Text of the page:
Come for the Views, Stay for the Food
And if you’re going to come all the way up to the Piano Grande, then you’ll want to whet your appetite and wet your whistle. And, I can recommend two places where you can do just that:
There in the parking lot sits a bright white retrofitted camper that serves the best fast food that you have ever tasted. Proprietor and grill king Romolo Coccia has been standing vigil at that spot forever and awaits your order. Try the local favorite panino allo scarafischio (grilled sausage sandwich) – mild, regular or extra spicy.
After the feast between two slices of bread, marvel at the picturesque panoramic views of the lentil fields below, scratch your head as you gaze at the oddly whitewashed graffiti emblazoned across the fronts of many of the old buildings, and take a stroll around the artisan shops just across the street and just behind Sig. Coccia’s four-wheel, four-star fast-food grill.
And don’t forget the lentils. Trust me, you’ll hate yourself if you don’t take a bag or two or three home with you.
Locanda de Senari
If, on the other hand, you’ve got all the time in the world – at least three hours – to enjoy the great bounty this little village has to offer, then just make your way up the hill to Castelluccio proper and Locanda de Senari, one of the finer kitchens in the village and a certified agriturismo. There, you’ll be treated just like family by proprietors Ulisse and Mirella Cappelli.
The menu is vast and changes regularly, depending on the availability of local stock. All dishes are home grown/home made, from the antipasto to the desserts to the complimentary digestivi (herbal cordials to aid in digesting a hearty meal). So, when in Rome, I mean Castelluccio, do as Castellucciani do: eat a lot, drink a lot, and enjoy life.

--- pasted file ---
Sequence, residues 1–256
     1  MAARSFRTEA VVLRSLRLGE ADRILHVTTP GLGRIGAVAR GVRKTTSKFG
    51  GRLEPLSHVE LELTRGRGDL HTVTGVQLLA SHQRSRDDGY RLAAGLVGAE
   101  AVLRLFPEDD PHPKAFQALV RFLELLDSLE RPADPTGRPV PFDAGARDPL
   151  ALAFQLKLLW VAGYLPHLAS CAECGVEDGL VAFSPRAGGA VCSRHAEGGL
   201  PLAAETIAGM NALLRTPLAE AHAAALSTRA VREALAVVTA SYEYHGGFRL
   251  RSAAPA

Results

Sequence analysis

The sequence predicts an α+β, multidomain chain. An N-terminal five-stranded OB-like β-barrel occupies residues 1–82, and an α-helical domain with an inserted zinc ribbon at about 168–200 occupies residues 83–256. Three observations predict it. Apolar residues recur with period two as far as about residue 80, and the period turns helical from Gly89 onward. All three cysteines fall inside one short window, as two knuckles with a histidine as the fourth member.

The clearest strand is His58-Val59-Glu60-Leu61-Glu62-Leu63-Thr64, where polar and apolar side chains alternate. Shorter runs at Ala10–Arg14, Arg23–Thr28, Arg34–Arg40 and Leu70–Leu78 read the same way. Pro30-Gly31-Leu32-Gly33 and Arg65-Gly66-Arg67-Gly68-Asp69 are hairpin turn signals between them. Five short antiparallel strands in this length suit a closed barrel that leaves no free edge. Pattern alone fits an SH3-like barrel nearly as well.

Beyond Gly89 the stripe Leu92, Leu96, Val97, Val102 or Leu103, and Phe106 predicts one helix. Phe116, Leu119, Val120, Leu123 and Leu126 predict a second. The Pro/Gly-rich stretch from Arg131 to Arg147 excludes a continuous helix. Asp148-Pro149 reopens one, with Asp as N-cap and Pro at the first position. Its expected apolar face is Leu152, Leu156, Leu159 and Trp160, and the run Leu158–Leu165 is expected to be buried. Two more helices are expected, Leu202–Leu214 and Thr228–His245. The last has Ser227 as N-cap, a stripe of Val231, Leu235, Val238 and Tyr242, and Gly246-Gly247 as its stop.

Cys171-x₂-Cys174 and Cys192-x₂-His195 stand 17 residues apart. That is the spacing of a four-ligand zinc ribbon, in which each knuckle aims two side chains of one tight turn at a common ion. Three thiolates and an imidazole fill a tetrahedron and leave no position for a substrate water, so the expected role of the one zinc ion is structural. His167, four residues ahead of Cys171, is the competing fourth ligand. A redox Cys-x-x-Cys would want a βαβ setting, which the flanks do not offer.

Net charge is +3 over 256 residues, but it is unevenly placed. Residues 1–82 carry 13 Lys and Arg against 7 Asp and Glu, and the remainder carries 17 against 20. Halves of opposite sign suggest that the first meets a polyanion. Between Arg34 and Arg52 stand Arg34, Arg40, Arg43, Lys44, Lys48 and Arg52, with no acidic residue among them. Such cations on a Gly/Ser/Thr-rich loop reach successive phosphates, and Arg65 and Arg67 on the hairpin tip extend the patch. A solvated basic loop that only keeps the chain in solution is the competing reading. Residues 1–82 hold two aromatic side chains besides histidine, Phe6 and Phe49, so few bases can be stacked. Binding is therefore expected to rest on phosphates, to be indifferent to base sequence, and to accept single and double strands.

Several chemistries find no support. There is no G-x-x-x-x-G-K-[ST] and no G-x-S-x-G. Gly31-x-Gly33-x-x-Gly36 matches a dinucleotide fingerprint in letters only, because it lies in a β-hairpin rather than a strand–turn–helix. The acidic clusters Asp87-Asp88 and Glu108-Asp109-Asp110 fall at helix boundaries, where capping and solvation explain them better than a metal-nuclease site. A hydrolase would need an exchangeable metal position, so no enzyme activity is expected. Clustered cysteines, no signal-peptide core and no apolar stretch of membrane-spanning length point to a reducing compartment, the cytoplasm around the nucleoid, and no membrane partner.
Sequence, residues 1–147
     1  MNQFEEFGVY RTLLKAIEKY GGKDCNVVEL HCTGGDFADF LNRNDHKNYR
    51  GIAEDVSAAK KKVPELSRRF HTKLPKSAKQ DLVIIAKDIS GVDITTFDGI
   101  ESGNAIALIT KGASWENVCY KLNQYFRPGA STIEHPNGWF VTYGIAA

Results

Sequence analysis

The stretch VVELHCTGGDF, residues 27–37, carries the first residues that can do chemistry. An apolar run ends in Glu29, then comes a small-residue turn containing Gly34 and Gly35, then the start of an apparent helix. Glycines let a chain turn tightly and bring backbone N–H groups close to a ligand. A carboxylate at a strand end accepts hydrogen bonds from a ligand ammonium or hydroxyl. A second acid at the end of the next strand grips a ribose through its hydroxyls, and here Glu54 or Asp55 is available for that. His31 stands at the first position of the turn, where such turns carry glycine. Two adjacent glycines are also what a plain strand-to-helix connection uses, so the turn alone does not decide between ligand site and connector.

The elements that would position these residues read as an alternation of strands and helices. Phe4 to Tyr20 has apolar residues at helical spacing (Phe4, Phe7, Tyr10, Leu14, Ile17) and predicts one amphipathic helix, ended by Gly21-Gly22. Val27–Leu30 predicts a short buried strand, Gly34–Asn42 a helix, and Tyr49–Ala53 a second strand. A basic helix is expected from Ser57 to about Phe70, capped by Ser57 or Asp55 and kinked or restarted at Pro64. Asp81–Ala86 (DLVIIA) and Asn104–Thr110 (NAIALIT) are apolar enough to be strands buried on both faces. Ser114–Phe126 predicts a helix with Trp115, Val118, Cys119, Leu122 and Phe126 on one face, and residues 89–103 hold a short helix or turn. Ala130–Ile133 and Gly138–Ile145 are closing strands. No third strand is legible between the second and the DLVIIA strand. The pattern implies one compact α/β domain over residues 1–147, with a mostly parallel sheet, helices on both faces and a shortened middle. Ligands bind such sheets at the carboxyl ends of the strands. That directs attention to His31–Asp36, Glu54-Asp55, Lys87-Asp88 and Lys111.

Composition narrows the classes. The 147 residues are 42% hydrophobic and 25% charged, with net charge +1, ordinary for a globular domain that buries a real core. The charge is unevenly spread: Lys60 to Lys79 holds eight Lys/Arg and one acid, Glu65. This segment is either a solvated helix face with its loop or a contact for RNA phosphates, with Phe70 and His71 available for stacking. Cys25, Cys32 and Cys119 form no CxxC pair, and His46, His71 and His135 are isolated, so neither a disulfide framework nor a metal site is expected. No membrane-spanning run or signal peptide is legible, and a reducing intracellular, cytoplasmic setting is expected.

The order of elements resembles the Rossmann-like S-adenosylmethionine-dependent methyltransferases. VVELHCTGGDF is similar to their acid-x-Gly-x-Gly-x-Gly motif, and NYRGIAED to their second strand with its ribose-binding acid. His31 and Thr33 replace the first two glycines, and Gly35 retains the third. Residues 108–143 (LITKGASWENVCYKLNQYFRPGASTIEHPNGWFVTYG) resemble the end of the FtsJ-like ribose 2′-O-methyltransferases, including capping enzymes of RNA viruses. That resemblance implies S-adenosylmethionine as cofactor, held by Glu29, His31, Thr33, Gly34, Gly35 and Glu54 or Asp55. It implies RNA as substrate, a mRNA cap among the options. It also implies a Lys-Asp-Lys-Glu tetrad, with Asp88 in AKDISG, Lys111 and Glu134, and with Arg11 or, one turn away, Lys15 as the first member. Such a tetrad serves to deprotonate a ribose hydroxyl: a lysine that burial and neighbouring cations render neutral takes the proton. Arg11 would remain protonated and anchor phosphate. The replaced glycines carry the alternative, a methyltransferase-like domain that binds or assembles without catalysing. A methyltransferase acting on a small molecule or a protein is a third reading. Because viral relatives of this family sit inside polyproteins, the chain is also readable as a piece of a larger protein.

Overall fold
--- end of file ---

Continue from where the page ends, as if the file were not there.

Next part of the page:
Here’s the list of savory dishes my party of eight managed to consume:
Antipasto: Large platters of assorted cold cuts and slices of young pecorino cheese.
First course: A sampler plate of Pappardelle al Cinghiale (wide flat pasta in a boar’s meat red sauce) and Chitarrine della Locanda (thin flat pasta in a pork, mushroom and truffle sauce).
Second course: Misto alla Brace – Platters of wood-fired, mixed grilled meats, including castrated mutton, lamb, veal and pork chops, sausages and pancetta (thickly sliced bacon).
Side dishes: Roasted potatoes, cooked seasonal vegetables, Insalata di Farro (soft, crunchy wheat grains mixed with tomatoes and olives) and lentil soup.
Dessert: Tiramisu, chocolate cake and Panna Cotta con Frutti di Bosco (cooked cream with fresh mixed berries).
Wine pairing: Rosso Piceno (DOC) from Ascoli Piceno – A robust deep red blend of Montepulciano and Sangiovese grapes from the nearby Marche region.
Mineral Water (sparkling and flat) – Espresso Coffee – Liquore all’Alloro Digestivo (cordial made from laurel leaves)
Price per person: 28 euro (Approximately $34 USD)
For complete information on Locanda de Senari, its kitchen and room rentals – with or without semi or full board – just click on this link: www.agriturismosenari.it.
With my belly completely full, a broad smile on my face and all of my digital photo storage cards maxed out, I managed to waddle down the street to the main square, squeeze into the car and waive goodbye – at least for now – to the little village atop the hill with the big heart for the tourists from down below.
Thanks again for the tip, Franco Z.
©The Palladian Traveler